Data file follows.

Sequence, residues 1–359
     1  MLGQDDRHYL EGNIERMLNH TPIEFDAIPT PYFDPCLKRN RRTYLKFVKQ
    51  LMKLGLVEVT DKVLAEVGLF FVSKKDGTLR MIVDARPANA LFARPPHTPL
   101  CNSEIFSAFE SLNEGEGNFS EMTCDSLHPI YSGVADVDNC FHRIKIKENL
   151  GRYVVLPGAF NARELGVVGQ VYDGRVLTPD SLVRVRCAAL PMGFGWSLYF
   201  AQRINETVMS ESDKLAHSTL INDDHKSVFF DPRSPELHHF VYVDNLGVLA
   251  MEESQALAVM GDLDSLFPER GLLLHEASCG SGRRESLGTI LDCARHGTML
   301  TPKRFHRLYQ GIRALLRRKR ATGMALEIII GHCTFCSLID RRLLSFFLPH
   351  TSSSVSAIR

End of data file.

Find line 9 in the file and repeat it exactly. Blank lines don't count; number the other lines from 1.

   351  TSSSVSAIR